SDF as also YPG/YPJ are the volunteer front units. These are fighting the IS. Many YPG units are part of the SDF. Overall the women forces of the SDF and the YPJ are even more mixed and working together, in Afrin it even seems to be one mixed group, running around with different type of uniforms, depending from where they come. Also the YPG and SDF are more mixed and working as one group in Afrin. They are already calling themself as "revolutionary front". In Kobani and Quamishli, SDF and YPG forces are still less mixed, during the Manbij offensive, the short "Tabqa offensive" (just to widen the pocket on the east side of the dam), the landing Operation at the QQ bridge and the whole northern front was done by the YPG (>80% YPG), while the souther arm/front, starting at the dam, surrounding from the south and the west was done by the SDF units (80% SDF, 20% YPG). Manbij City was taken primary by the southern arm.

    The conscript army are the HXP, 6 month conscript duty. Till now primary used behind the front at check points and as self defence forces to protect the homes of the civilians. And it seems now, this week they have been already accepted by the Syrian government as the regular future army of the northern part of Syria, responsible for home defence and especially to defend all outer borders, so Turkey and Iraq (so the former job of the SAA).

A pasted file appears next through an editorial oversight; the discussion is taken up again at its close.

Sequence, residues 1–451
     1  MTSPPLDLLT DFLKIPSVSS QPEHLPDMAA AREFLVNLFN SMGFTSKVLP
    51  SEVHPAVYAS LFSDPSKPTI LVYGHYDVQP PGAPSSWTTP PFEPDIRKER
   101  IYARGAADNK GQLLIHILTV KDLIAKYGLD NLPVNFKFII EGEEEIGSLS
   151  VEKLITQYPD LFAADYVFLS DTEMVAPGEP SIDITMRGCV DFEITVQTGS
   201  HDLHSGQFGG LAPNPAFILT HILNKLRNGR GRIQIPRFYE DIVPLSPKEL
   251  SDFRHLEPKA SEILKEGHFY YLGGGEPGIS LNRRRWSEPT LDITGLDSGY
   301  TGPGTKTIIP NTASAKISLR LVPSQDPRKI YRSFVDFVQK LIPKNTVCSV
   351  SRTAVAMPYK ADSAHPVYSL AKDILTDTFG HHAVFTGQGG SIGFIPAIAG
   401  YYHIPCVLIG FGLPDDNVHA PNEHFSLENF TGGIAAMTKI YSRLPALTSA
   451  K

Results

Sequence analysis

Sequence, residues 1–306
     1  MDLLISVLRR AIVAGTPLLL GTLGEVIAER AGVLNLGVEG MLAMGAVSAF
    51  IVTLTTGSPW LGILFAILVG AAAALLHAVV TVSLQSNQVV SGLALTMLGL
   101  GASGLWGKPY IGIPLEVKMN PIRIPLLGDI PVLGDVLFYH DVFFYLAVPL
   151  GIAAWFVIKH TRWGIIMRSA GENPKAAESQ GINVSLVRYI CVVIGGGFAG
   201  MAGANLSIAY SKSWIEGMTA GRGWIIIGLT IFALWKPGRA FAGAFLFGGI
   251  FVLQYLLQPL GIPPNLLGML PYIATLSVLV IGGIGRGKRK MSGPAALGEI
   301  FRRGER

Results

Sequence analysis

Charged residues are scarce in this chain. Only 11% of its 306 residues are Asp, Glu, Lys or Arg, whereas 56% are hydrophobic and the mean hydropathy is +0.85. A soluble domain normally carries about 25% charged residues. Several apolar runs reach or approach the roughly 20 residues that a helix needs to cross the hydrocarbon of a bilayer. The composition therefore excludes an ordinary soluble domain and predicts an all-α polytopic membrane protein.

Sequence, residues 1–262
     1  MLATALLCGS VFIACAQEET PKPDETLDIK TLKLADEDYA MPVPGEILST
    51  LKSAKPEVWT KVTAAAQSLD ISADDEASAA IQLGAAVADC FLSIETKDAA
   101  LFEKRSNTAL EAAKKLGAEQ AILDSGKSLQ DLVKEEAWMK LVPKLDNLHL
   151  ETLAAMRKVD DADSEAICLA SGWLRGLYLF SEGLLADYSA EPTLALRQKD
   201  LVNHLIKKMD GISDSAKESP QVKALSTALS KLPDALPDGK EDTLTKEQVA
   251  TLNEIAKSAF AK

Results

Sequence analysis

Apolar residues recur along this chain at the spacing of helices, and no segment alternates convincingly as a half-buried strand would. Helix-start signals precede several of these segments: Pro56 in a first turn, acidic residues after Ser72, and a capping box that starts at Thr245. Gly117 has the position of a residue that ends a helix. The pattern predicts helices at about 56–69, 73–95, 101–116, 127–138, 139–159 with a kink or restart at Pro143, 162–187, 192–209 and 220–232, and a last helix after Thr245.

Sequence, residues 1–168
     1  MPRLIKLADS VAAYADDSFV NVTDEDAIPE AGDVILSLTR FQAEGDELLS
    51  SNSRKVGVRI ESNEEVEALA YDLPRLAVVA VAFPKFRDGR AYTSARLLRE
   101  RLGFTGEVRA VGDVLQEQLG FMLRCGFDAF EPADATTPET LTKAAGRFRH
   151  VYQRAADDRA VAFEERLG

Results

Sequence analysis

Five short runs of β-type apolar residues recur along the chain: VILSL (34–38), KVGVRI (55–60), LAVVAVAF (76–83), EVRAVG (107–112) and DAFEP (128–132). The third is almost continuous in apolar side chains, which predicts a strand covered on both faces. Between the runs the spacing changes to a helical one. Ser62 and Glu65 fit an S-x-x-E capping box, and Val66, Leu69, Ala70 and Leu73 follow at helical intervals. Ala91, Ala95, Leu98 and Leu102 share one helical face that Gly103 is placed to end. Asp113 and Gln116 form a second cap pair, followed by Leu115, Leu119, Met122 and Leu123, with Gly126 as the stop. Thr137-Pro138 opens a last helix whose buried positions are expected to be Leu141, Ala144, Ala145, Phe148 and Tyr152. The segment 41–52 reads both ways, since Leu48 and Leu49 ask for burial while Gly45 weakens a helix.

And than of course you have the HPC (do not forget them). These have a regular job and in their free time/weekends, they are manning check points, performing trainings e.g. In these are also 80 years old grandmothers e.g. and do not laugh, as seen during the IS raid last year with the 200 men, who have started in Sarrin. The raid was perfectly running as planned, 2 sVBIED had eliminated the week border control forces in Kobani, so no armed forces were left...till the grandmothers, kids and grandfathers (all others were at the front)packed out the AK47 from their cupboards and started to eliminate the raid in a storm of lead, so the whole raid eneded miserably. There was a nice picture of a 80 years old grandmother, sitting on her cheap white plastic chair on the middle of a crossing with her AK47 (as she was really not tall, it was really big in comparison) on her tight. Her comment: I am old. If they want to get in the house blocks behind me, they have to kill me. If they kill me, my comraids behind me will be warned and will kill them (she was not killed). These are also pure volunteers and support units, these are the last defence line to protect the civilians.